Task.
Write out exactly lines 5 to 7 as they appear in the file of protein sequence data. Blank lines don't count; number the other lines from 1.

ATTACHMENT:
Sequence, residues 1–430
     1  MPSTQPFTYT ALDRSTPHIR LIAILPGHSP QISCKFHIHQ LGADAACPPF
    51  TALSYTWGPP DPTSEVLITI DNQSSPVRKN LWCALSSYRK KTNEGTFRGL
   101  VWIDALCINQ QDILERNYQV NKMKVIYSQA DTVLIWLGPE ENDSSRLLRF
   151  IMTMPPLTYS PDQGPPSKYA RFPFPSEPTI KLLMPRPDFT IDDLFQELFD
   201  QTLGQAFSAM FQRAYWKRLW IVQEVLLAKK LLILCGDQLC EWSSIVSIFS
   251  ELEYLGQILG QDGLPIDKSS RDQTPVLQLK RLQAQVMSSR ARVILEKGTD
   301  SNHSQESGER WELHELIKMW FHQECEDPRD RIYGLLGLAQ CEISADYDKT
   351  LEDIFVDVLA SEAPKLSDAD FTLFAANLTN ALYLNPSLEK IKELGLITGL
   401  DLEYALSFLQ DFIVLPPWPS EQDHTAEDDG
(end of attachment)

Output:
   151  IMTMPPLTYS PDQGPPSKYA RFPFPSEPTI KLLMPRPDFT IDDLFQELFD
   201  QTLGQAFSAM FQRAYWKRLW IVQEVLLAKK LLILCGDQLC EWSSIVSIFS
   251  ELEYLGQILG QDGLPIDKSS RDQTPVLQLK RLQAQVMSSR ARVILEKGTD